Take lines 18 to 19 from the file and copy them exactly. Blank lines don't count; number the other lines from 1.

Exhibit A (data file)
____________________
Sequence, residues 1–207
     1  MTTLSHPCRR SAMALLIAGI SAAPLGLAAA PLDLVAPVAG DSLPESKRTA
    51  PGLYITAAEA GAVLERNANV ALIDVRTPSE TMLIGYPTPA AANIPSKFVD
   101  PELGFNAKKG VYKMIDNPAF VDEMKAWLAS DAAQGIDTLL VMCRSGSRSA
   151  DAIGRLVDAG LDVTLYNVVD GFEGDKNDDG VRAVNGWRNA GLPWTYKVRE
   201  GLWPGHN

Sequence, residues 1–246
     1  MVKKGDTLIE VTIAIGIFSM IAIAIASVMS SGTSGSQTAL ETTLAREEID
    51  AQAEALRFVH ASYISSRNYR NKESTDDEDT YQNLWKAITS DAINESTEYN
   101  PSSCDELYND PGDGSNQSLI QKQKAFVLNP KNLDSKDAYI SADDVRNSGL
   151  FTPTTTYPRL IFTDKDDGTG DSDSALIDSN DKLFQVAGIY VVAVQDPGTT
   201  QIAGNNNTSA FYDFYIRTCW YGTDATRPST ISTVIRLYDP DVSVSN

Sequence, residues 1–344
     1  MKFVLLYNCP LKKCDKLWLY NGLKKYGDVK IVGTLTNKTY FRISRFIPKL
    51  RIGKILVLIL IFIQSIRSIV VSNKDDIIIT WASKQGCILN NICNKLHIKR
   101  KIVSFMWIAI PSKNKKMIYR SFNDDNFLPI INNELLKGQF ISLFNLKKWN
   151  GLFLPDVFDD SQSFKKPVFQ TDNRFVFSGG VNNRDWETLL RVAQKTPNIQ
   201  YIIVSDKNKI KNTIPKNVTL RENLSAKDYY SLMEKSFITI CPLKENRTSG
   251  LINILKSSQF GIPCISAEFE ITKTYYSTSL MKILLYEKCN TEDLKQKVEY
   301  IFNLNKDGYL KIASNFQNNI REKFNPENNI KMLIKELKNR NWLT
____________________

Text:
   201  YIIVSDKNKI KNTIPKNVTL RENLSAKDYY SLMEKSFITI CPLKENRTSG
   251  LINILKSSQF GIPCISAEFE ITKTYYSTSL MKILLYEKCN TEDLKQKVEY